Although membrane filtration is used extensively to process protein solutions containing a variety of electrolytes, there is currently little fundamental understanding of the effect of the solution environment (and in particular, the solution pH) on the filtrate flux in these systems. We have obtained data for the flux and sieving coefficients during the batch (stirred cell) filtration of solutions of bovine serum albumin, immunoglobulins, hemoglobin, ribpnuclease A, and lysozyme through 0.16‐μm micro‐filtration membranes at different pH values. The flux declined significantly for all five proteins due to the formation of a protein deposit on the upper surface of the membrane. The quasi‐steady ultrafiltrate fluxes at the individual protein isoelectric pH's were essentially identical, despite the large differences in molecular weight and physico‐chemical characteristics of these proteins. The flux increased at pH's away from the isoelectric point, with the data well‐correlated with the protein surface charge density. These results were explained in terms of a simple physical model in which the protein deposit continues to grow, and thus the flux continues to decline, until the drag force on the proteins associated with the filtrate flow is no longer able to overcome the intermolecular repulsive interactions between the proteins in the bulk solution and those in the protein deposit on the surface of the membrane.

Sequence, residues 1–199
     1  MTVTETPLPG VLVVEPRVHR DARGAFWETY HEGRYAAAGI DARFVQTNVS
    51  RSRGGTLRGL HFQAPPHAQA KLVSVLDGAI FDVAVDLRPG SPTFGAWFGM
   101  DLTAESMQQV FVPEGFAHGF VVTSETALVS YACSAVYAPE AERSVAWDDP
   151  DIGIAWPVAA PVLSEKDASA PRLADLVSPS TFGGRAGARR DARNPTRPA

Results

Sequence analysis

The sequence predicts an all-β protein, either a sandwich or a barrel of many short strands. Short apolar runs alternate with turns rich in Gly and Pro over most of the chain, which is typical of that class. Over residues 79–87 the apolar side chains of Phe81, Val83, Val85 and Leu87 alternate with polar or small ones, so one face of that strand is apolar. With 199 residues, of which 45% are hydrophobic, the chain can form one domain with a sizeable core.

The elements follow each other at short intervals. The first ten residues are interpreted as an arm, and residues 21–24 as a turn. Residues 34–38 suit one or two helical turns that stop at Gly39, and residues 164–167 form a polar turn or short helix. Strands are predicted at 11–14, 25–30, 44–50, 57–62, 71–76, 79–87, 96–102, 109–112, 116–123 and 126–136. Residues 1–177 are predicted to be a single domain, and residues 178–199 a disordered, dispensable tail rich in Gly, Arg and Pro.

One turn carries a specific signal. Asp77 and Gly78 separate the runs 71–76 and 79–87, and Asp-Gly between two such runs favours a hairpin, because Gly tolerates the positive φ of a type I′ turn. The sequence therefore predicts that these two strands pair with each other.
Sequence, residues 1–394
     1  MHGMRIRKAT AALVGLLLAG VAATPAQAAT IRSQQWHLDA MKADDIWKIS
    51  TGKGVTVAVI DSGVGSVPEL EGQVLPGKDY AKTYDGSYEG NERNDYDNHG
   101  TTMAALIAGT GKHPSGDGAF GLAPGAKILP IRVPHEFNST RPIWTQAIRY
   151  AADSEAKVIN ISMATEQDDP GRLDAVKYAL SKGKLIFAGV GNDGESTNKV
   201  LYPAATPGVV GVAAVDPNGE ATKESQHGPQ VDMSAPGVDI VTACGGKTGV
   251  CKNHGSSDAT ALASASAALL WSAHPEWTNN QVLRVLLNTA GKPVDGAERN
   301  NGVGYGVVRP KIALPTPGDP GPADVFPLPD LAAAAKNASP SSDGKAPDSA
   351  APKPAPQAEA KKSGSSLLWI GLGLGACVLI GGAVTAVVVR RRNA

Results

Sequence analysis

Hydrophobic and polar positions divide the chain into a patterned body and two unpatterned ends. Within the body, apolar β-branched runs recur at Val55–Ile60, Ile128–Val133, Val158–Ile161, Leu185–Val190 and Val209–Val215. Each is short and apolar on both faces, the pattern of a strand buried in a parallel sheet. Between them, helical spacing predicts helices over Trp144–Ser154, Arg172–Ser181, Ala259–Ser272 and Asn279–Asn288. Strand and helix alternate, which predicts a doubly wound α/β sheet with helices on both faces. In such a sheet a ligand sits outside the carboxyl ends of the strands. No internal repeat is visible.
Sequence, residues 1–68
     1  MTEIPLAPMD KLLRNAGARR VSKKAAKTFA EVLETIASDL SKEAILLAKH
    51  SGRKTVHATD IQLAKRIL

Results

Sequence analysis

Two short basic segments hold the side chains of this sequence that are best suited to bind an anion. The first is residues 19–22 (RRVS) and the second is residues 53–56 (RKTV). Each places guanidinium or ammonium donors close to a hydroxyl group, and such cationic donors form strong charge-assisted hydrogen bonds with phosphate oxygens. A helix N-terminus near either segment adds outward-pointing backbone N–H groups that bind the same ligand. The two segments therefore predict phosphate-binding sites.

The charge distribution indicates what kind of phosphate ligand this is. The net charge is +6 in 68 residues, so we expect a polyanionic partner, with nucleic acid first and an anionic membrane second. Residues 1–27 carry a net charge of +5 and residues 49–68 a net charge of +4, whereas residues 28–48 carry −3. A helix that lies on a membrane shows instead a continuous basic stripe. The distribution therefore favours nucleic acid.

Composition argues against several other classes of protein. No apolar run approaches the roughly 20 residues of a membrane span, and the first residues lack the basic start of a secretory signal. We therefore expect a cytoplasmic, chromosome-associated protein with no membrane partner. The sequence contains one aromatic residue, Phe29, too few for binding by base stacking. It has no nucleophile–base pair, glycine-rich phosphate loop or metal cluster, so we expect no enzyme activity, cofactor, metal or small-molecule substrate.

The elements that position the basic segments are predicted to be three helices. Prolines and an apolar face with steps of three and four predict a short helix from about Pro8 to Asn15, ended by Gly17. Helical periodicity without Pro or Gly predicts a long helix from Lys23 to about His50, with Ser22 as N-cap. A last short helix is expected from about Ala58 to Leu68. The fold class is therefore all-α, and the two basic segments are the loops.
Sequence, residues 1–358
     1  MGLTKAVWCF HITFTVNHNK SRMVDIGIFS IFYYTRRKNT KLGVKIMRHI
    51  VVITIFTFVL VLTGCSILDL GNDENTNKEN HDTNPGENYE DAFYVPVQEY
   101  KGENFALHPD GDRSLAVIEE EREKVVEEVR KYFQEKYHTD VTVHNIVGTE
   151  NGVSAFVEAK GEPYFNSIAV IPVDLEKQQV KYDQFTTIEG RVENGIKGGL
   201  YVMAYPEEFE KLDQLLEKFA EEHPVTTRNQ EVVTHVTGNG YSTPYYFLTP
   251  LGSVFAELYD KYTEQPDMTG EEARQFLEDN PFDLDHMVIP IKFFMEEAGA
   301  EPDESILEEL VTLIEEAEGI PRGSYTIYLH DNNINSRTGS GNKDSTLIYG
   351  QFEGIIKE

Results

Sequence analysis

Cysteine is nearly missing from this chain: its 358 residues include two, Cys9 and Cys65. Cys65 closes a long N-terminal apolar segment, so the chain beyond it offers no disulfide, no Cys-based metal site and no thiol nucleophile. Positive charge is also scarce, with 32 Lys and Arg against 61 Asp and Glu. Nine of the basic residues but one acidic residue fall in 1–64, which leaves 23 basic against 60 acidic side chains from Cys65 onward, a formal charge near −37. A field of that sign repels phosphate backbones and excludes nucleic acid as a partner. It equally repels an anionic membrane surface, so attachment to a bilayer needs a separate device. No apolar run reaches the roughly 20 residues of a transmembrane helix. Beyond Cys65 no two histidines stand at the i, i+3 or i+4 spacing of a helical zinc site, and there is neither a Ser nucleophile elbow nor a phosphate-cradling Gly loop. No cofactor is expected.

All Science Journal Classification (ASJC) codes